June 2021
Volume 62, Issue 8
Open Access
ARVO Annual Meeting Abstract  |   June 2021
Effect of Soft-Contact-Lens Wear on Post-Lens Tear-Film Osmolarity
Author Affiliations & Notes
  • Young Hyun Kim
    Vision Science, University of California Berkeley, Berkeley, California, United States
    Chemical and Biomolecular Engineering, University of California Berkeley, Berkeley, California, United States
  • Thien Nguyen
    Chemical and Biomolecular Engineering, University of California Berkeley, Berkeley, California, United States
  • Meng C Lin
    Vision Science, University of California Berkeley, Berkeley, California, United States
    Clinical Research Center, School of Optometry, University of California Berkeley, Berkeley, California, United States
  • Cheng-Chun Peng
    Coopervision Inc, Pleasanton, California, United States
  • Clayton J Radke
    Chemical and Biomolecular Engineering, University of California Berkeley, Berkeley, California, United States
    Vision Science, University of California Berkeley, Berkeley, California, United States
  • Footnotes
    Commercial Relationships   Young Hyun Kim, None; Thien Nguyen, None; Meng Lin, None; Cheng-Chun Peng, Coopervision Inc. (E); Clayton Radke, Coopervision Inc. (F)
  • Footnotes
    Support  NONE
Investigative Ophthalmology & Visual Science June 2021, Vol.62, 656. doi:
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    • Get Citation

      Young Hyun Kim, Thien Nguyen, Meng C Lin, Cheng-Chun Peng, Clayton J Radke; Effect of Soft-Contact-Lens Wear on Post-Lens Tear-Film Osmolarity. Invest. Ophthalmol. Vis. Sci. 2021;62(8):656.

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      © ARVO (1962-2015); The Authors (2016-present)

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Abstract

Purpose : Despite correlation between tear hyperosmolarity and dry eyes (Tomlinson et al. [2006]), no correlation has been found between tear osmolarity and soft-contact-lens (SCL) wear discomfort. This is likely because clinical instruments measure meniscus osmolarity rather than that in the post-lens tear film (PoLTF) where tear interfaces corneal nerve endings. We quantify the time-periodic differences in osmolarities between various tear-compartment during SCL wear.

Methods : Pre-lens tear-film (PrLTF), PoLTF, pre-conjunctival tear-film (PrCjTF) (i.e., the tear film on the bulbar conjunctiva), and meniscus osmolarities are determined based on water and salt conservation balances. The physical model simulates tear-film deposition, black-line formation, interblink period, and eyelid closure following Cerretani and Radke (2014). Lens ion diffusivity (D), ion partition coefficient (k), and thickness are varied to assess the effect of lens properties on various tear-compartment osmolarities. Similarly, tear production and evaporation rates are varied to ascertain the differences in tear osmolarity between normal and dry eyes. All tested parameters are obtained from commercially available SCLs and published studies.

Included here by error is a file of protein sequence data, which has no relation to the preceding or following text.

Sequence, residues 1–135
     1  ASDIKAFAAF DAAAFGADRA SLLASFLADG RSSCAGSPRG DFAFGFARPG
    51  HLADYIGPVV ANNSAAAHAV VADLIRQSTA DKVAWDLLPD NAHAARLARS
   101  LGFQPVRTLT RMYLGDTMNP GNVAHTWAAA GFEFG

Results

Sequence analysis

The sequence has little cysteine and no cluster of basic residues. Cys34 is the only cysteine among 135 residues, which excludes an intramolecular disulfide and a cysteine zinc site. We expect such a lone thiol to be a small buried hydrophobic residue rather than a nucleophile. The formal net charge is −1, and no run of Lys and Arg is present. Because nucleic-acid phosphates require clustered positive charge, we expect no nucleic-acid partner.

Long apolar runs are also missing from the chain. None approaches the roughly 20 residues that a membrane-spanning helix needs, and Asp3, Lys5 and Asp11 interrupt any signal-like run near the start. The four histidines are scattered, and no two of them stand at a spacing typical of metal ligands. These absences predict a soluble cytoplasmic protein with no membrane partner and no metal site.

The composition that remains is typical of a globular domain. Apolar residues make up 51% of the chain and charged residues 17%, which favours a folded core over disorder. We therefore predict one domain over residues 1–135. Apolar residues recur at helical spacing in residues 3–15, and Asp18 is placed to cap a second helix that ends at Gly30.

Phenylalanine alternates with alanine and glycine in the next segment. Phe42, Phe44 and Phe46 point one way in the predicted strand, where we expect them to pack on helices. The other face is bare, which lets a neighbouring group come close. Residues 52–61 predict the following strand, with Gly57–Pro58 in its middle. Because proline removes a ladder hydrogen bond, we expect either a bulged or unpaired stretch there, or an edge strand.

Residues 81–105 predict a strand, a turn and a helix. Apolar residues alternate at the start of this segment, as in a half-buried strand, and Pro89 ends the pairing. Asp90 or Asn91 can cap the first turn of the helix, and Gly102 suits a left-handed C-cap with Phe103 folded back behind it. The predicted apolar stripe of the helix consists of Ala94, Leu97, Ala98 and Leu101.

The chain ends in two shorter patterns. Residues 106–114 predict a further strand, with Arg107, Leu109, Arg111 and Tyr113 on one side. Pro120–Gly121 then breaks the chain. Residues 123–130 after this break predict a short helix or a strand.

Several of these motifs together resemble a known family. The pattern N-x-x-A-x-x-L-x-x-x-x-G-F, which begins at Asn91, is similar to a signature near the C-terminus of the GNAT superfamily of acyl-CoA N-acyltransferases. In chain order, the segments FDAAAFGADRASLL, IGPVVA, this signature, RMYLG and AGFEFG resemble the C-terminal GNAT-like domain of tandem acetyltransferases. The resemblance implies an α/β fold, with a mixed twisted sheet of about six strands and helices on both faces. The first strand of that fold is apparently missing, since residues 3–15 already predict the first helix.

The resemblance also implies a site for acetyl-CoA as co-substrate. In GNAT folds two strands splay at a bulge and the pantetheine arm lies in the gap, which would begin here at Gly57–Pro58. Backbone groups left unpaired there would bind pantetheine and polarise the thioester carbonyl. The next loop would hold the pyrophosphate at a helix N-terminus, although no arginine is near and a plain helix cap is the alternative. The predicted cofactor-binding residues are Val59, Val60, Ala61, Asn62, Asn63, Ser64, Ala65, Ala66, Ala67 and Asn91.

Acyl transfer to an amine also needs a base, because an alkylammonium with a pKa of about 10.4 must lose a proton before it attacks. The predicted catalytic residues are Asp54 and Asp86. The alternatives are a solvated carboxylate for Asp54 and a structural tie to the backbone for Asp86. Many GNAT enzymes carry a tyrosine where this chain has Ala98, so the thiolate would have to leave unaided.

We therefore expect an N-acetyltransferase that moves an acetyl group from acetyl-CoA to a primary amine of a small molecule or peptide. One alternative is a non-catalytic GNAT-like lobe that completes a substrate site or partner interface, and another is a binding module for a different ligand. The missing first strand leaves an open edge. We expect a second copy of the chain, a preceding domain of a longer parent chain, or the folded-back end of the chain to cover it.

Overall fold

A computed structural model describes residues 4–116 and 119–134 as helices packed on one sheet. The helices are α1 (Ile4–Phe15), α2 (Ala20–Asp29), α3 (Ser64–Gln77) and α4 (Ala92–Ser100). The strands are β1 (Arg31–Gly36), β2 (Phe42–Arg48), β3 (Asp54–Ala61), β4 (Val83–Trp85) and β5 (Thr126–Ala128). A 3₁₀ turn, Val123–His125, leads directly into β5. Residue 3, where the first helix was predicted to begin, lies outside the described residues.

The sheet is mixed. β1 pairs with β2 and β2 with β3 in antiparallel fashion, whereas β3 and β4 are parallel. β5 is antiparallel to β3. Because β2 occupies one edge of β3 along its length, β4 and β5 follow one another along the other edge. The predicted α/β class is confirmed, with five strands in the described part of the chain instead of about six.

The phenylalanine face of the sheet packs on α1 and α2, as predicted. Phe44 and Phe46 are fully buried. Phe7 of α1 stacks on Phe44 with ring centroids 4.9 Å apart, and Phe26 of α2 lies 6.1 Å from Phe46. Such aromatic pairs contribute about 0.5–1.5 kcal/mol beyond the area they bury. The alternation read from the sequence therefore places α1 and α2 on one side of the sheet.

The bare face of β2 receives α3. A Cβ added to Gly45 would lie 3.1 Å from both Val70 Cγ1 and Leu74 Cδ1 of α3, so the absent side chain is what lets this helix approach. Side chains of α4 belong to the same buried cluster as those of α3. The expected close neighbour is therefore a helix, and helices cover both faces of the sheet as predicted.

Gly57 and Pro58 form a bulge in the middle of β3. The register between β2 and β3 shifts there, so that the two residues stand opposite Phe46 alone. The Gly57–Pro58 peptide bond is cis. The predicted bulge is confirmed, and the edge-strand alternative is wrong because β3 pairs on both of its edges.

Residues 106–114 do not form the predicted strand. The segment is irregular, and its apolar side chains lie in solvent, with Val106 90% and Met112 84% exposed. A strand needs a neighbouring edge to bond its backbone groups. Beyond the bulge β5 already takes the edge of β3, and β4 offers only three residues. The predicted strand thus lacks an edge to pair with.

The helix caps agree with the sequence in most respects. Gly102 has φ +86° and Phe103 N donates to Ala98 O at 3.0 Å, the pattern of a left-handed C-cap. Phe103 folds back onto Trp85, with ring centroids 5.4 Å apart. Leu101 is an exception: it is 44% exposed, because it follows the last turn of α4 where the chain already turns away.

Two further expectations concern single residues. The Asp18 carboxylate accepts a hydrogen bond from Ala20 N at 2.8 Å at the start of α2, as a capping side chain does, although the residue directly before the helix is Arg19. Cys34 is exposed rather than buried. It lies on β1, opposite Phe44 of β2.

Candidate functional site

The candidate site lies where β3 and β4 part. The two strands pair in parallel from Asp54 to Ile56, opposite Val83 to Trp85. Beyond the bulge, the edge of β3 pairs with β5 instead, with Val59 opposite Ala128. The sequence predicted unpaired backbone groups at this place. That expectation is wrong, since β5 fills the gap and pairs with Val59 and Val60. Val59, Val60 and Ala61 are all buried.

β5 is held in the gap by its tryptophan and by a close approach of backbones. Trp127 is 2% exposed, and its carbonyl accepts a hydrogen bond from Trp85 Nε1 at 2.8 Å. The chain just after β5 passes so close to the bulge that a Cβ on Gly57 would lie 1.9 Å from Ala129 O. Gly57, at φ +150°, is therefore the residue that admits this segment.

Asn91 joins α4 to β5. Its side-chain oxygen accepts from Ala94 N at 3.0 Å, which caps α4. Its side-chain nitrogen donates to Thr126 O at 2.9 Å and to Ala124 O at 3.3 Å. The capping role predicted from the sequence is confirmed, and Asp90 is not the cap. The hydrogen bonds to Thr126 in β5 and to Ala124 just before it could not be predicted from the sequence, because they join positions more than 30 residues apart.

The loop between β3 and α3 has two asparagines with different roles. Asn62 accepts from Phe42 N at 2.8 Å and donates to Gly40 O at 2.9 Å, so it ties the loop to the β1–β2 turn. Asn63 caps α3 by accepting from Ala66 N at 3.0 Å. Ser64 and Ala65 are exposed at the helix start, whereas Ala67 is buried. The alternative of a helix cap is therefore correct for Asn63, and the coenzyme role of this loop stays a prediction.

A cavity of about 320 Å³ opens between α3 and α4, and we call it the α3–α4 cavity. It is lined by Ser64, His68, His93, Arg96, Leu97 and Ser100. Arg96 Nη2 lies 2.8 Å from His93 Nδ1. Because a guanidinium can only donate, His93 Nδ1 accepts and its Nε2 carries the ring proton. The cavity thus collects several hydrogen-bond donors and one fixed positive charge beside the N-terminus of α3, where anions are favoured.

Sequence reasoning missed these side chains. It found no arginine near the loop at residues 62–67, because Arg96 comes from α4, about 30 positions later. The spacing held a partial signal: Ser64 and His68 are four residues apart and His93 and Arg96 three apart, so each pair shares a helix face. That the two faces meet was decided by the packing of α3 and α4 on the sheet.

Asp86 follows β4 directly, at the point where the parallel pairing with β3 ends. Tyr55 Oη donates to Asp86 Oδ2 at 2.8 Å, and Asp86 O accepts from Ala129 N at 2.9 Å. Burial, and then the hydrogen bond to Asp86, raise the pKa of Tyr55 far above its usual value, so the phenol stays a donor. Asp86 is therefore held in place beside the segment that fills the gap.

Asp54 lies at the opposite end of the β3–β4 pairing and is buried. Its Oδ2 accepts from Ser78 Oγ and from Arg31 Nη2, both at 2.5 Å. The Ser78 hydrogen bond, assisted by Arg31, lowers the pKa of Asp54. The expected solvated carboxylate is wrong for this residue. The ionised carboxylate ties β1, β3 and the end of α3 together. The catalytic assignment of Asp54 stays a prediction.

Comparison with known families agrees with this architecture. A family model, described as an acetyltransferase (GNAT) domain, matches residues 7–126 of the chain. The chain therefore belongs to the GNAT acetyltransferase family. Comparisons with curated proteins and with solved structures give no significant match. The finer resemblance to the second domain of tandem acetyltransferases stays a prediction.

Results : Figure 1 provides various tear-compartment periodic osmolarities during normal eye SCL wear for low and high Ds. Increasing lens thickness, decreasing D, and decreasing k all reduce PoLTF osmolarity. However, the effect of k is small for commercially available SCLs. For hypertonic dry eyes, osmolarities of all compartments are elevated depending on the severity of the dry eye. Tested parameters show PoLTF and meniscus osmolarities vary between 303 to 340 mOsM and 310 to 325 mOsM, respectively. Meniscus osmolarity depends on dry-eye conditions and not on lens parameters.

Conclusions : We devised a numerical tool to determine PoLTF osmolarity during SCL wear for the first time. PoLTF osmolarity changes significantly with lens parameters but not the meniscus osmolarity. Tear osmolarity of dry eye is more sensitive to changes in lens parameters than the normal eye. Understanding correlation between SCL wear discomfort and PoLTF osmolarity requires further investigation as the corneal nerves interact with the PoLTF and not with meniscus tear.

This is a 2021 ARVO Annual Meeting abstract.

 

Figure 1: Osmolarity of various tear compartments during soft-contact-lens wear with low (a) and high (b) ion diffusivities for normal eye.

Figure 1: Osmolarity of various tear compartments during soft-contact-lens wear with low (a) and high (b) ion diffusivities for normal eye.

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